A major bond rating agency has downgraded its assessment of Chattanooga's biggest trucking company despite the company's improved earnings in recent months.
Standard & Poor's Ratings Services cut its rating late Thursday for U.S. Xpress Enterprises Inc. from B+ to B after analysts said the company's earnings were below expectations and the earnings levels were in more danger of not meeting its debt requirements.
"The company is currently in compliance with its [bond] covenants," S&P credit analyst Anita Ogbara said. "However, we expect covenant cushion to deteriorate during the first half of 2012."
Ogbara said S&P's outlook for U.S. Xpress is "stable," which she said reflects "our expectation that operating performance will improve and its liquidity position will stabilize over the next few quarters."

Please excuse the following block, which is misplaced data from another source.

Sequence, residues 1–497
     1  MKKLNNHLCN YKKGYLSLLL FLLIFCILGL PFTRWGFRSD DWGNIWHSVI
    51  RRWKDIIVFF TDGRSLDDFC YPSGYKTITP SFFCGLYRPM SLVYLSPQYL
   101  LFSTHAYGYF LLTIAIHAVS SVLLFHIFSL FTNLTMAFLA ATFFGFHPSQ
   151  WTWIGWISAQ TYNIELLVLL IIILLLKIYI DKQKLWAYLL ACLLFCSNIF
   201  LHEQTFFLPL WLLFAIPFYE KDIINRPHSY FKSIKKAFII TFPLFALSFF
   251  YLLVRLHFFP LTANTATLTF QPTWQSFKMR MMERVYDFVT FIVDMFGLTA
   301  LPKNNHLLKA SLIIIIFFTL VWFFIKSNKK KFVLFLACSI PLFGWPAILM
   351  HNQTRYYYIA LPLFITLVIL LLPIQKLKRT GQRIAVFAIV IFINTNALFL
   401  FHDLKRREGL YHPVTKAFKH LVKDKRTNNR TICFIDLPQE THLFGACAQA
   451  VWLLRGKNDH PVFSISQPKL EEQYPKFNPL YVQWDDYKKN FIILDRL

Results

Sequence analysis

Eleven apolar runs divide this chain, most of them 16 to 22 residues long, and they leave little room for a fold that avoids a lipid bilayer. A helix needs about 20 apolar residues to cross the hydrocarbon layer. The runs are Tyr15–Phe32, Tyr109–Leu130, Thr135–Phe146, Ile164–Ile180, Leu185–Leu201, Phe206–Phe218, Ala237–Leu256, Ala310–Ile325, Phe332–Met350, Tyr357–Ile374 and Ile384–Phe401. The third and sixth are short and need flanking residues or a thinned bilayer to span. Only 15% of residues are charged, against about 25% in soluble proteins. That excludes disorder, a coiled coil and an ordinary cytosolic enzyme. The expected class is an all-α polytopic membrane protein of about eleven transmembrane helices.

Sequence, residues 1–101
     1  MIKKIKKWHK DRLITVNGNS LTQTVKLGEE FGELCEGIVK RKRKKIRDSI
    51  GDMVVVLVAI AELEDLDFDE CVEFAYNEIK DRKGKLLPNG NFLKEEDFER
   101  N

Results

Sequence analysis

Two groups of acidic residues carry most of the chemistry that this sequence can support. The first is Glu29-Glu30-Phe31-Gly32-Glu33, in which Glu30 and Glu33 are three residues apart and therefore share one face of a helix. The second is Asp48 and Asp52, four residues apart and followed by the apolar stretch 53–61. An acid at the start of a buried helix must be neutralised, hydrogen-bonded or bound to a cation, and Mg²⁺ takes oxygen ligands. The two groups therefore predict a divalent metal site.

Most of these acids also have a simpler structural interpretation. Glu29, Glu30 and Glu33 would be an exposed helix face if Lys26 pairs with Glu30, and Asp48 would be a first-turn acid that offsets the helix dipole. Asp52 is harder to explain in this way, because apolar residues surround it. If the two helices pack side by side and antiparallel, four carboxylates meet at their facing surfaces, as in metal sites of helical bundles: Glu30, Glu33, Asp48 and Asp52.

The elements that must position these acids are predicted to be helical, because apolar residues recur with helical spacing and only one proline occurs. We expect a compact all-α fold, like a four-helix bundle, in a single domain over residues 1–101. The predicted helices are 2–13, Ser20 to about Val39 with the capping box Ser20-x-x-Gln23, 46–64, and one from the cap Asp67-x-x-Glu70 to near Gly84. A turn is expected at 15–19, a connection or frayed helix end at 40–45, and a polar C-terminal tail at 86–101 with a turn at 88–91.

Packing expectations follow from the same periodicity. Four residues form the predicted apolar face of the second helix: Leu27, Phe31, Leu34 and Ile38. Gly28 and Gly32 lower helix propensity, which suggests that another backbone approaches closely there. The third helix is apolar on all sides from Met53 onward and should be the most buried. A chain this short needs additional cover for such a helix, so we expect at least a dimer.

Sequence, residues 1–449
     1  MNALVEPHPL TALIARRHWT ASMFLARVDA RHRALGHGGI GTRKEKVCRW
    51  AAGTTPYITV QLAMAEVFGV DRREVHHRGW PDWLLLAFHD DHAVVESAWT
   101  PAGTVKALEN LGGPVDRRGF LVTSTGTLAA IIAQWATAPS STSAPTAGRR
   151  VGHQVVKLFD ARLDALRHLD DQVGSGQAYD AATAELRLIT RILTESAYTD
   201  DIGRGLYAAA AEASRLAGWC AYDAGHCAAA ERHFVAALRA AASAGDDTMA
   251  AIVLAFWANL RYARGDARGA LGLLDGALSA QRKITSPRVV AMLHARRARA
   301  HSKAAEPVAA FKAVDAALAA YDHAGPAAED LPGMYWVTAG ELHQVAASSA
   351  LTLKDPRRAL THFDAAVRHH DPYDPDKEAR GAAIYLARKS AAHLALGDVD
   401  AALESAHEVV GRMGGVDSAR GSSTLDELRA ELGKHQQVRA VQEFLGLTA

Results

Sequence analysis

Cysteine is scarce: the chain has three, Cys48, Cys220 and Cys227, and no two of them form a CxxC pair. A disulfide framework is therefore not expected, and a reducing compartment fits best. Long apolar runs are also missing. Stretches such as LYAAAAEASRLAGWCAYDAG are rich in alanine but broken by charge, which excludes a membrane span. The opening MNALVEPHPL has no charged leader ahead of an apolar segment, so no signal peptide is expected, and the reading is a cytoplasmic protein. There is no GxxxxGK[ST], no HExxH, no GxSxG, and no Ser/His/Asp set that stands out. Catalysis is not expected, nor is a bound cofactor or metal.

"The ratings on U.S. Xpress reflect the company's highly leveraged capital structure and the intensely competitive, highly fragmented, cyclical truck-load market in which it operates," Ogbara said.
Founded in Chattanooga in 1985 by Max Fuller and Pat Quinn, stock in U.S. Xpress was publicly traded on the Nasdaq stock exchange until the co-founders bought up the outstanding stock and took the truck carrier private in a 2007 leveraged buyout.
Quinn, who owned half of the company, died earlier this month.
Although the company no longer has publicly traded stock, U.S. Xpress corporate bonds are rated by services such as S&P. U.S. Xpress is one of the nation's largest transportation carriers with more than 10,000 employees, including more than 1,000 at its Chattanooga headquarters facilities. U.S. Xpress has laid off 36 employees in Chattanooga in the past three months, company officials said.
Standard & Poor's categorizes U.S. Xpress' business profile as "weak," its financial profile as "aggressive" and its liquidity as "adequate."
Greg Thompson, a spokesman for U.S. Xpress, declined to comment on the financial report or bond downgrade.